No other topic in food and wine provides as much mystery to people as pairing food and wine. Pairing food and wine is easy, provided you follow a few basic guidelines.
When pairing food and wine, focusing on only the color of the wine and protein is short-sighted, as it does not discuss preparations or flavors. The adage, “white wine with white meat and red wine with red meat,” is true to a degree, but there’s more to pairing food and wine than matching just the protein’s color with the wine’s color. One must consider all elements of the dish for a successful pairing.
This example shows how changing just one item of the dish alters the food and wine pairing. In each example, the salmon will stay while the sauce will change.
Example 1. Roasted salmon with butter sauce
Wine pairing: Rich, buttery, and oaky chardonnay.
Why does this pairing work? There are similar flavors and components between the wine and the dish. The rich, buttery, and oaky chardonnay complement the richness of the salmon and butter sauce.
Example 2. Roasted salmon with spicy Thai curry sauce.
Wine pairing: New Zealand sauvignon blanc or semi-sweet riesling.
Why does this pairing work? Fruitiness and sweetness counter spice. Riesling and gewurztraminer are often on wine lists in Thai restaurants because many dishes are spicy. Avoid pairing dry wines with spicy food.
Example 3. Roasted salmon with red wine reduction sauce.
Wine pairing: Light red wine such as pinot noir or barbera.
Why does this pairing work? The dish has red wine, and it’s paired with red wine. The adage, “white wine with white meat,” does not apply here. Salmon, tuna, and swordfish are “meatier” fish that handle more robust wines.
See how one element can change the food and wine pairing?
Match three elements between the food and wine for an ideal pairing
Weight. How heavy or light is the wine and the dish? Pair heavy wine with heavy food and light wine with light food.
Intensity. How robust or intense are the dish and the wine?
For example, Champagne and steamed cod pairs well together because they are both light and delicate. The flavors, intensity, and weight of the dish and the wine match.
Adding spicy salsa to the cod makes the dish more intense and spicier, which overpowers the delicate Champagne. The dish and wine’s weight still match, but the intensity and flavors do not, so it is an imperfect pairing.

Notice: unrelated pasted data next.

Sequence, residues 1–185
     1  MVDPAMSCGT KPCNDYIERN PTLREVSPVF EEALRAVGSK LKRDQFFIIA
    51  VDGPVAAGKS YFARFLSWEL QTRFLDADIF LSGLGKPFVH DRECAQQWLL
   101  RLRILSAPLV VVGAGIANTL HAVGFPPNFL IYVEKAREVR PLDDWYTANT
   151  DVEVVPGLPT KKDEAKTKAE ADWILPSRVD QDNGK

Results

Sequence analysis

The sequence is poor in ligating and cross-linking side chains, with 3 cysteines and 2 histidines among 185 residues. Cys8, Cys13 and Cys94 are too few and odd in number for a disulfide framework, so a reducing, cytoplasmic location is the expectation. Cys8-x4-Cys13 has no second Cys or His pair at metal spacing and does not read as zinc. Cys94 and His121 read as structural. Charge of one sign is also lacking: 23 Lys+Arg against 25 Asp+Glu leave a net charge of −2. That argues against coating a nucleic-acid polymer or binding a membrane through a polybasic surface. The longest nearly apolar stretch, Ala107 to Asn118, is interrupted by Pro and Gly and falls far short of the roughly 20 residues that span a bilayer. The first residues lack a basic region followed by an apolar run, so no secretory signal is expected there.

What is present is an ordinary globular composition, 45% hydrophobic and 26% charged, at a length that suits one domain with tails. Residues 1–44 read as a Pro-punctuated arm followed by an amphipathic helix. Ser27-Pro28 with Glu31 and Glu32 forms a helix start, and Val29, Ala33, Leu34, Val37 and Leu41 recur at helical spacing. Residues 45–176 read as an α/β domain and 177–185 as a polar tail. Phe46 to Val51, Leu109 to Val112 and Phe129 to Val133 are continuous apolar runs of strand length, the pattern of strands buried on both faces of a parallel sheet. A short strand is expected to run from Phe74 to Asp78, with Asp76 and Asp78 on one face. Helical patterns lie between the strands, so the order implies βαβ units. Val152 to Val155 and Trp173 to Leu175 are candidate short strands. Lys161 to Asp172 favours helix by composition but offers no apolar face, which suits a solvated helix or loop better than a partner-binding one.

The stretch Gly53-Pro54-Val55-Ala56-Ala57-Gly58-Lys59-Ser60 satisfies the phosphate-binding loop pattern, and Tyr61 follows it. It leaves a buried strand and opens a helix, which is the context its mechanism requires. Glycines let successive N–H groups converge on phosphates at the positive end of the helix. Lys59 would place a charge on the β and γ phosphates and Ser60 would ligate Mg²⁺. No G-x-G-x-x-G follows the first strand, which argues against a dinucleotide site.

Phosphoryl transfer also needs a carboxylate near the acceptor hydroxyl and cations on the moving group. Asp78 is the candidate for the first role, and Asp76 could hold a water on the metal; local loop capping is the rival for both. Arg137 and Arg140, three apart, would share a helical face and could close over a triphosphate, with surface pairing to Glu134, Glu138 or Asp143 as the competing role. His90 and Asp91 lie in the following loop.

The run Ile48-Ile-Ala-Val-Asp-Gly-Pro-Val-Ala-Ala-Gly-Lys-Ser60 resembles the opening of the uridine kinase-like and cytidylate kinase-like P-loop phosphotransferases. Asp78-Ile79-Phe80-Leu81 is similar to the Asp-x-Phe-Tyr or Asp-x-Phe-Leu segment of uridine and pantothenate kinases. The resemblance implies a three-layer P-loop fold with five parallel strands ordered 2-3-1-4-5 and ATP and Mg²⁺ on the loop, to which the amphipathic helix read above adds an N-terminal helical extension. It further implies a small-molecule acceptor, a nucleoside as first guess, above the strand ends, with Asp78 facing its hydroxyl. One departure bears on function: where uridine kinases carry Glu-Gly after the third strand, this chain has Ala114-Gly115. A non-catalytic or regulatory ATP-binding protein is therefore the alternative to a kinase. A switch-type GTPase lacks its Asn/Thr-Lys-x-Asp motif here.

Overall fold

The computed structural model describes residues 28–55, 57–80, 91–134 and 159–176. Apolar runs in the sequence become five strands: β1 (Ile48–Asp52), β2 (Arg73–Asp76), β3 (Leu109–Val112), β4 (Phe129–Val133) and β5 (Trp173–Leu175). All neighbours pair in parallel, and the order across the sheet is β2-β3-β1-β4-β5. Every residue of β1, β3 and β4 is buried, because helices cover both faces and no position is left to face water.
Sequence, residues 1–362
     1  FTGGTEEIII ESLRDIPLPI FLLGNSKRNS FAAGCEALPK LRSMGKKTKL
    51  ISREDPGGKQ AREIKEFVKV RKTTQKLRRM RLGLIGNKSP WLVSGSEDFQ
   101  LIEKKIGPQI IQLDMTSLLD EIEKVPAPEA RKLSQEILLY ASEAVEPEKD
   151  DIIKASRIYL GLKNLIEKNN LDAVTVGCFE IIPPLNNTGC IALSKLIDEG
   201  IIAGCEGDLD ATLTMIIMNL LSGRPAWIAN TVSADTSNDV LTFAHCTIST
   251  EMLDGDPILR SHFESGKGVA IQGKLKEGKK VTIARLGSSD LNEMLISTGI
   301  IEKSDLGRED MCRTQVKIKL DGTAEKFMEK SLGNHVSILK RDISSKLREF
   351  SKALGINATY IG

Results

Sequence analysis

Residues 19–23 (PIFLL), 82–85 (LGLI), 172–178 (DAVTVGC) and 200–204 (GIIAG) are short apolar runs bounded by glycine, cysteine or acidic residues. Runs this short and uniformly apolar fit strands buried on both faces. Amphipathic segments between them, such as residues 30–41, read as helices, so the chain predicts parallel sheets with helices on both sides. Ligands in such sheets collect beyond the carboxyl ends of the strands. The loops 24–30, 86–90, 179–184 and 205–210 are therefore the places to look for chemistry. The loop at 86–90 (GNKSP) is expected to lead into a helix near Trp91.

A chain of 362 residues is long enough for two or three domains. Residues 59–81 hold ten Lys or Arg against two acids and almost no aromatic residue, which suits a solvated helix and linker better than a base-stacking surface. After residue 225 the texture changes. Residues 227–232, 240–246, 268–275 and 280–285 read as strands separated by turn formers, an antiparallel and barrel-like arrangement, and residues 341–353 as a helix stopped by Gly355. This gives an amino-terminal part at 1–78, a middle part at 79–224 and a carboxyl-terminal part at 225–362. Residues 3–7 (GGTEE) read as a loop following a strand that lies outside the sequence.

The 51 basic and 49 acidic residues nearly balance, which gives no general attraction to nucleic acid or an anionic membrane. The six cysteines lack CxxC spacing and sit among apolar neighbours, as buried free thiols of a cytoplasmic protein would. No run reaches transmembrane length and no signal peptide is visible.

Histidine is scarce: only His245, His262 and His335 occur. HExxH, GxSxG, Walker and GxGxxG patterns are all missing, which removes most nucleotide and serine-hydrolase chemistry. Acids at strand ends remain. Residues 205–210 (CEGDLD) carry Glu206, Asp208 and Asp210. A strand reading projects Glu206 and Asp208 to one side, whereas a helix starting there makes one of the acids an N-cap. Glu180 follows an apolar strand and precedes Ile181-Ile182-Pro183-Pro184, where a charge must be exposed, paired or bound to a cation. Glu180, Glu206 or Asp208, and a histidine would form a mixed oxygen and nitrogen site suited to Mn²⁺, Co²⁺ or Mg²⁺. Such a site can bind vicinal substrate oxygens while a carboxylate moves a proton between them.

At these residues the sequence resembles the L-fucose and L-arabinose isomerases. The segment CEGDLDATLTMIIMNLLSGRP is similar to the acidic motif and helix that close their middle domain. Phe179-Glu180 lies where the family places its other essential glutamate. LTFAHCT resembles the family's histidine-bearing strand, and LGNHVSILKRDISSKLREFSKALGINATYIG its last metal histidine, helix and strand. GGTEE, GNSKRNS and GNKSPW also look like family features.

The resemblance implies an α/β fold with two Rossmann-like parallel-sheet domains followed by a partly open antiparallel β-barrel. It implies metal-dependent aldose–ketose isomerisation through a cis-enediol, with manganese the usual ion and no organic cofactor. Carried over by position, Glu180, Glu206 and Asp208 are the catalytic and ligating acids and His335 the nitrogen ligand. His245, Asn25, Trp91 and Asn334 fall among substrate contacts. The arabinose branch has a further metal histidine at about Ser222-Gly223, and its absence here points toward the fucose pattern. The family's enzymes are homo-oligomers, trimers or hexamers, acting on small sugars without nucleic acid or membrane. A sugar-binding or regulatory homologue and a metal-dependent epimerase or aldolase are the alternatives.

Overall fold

Flavors. With flavors, you may complement or contrast.
By complementing, the pairing focuses on similar flavors between the food and wine. Pair roasted salmon with butter sauce and an oaky, buttery chardonnay. Both the dish and the wine are rich and buttery.
In contrast, the pairing focuses on contrasting flavors between the food and wine. Pair roasted salmon with butter sauce and white wine with fruit and acidity. The wine’s fruit and acidity cuts through the richness of the dish.
How to identify a food and wine pairing that works
Food and wine taste better together in a perfect pairing. In contrast, an imperfect pairing of food and wine will be unpleasant. I describe an imperfect pairing as producing a harsh feeling in the back of the throat.
A non-food and wine way to relate to a perfect pairing is to think of people. Everything’s better when you’re with someone you like. Conversely, everything is worse when you’re with someone you dislike.
The following examples are some everyday pairings one may encounter
For dessert, ensure the wine is sweeter than the dish; otherwise, the wine will taste diluted. Here is an example without wine to show the point. Eat a candy bar with soda and to see how the soda tastes diluted.
Pairing spicy foods with high alcohol content wines (over 14.5%) will amplify food spiciness.
Acidic foods (such as pickled items and vinaigrette) need a wine with either acidity, fruit, or both.
Fried food pairs well with dry sparkling wine.
Pairing food and wine from the same region is ideal because of the terroir. Terroir is a sense of place. The topography, climate, and soil within a particular region affect everything grown or raised within that region.
My favorite example of food and wine from the same region is Sancerre with Crottin de Chavignol goat cheese.
When selecting wine, consider different regions of the world that produce different styles of wine
For example, California pinot noir is bolder, less acidic, and fruitier than their Burgundy (French pinot noir) counterpart, so a dish that pairs well with a California pinot noir may not pair well with a red Burgundy, and vice versa.
There are endless combinations of food and wine pairings, so have fun with it. Host a food and wine pairing event at your home, so you and your friends can learn together.
The best thing about learning food and wine pairing is eating and drinking wine, so enjoy the journey.
About the author
Curt Sassak is the president of Winetasters Choice, a promotional agency based in Texas and serving seven states. Curt is a 35-year veteran of the food and beverage industry, with the first 27 years of his career spent as a chef.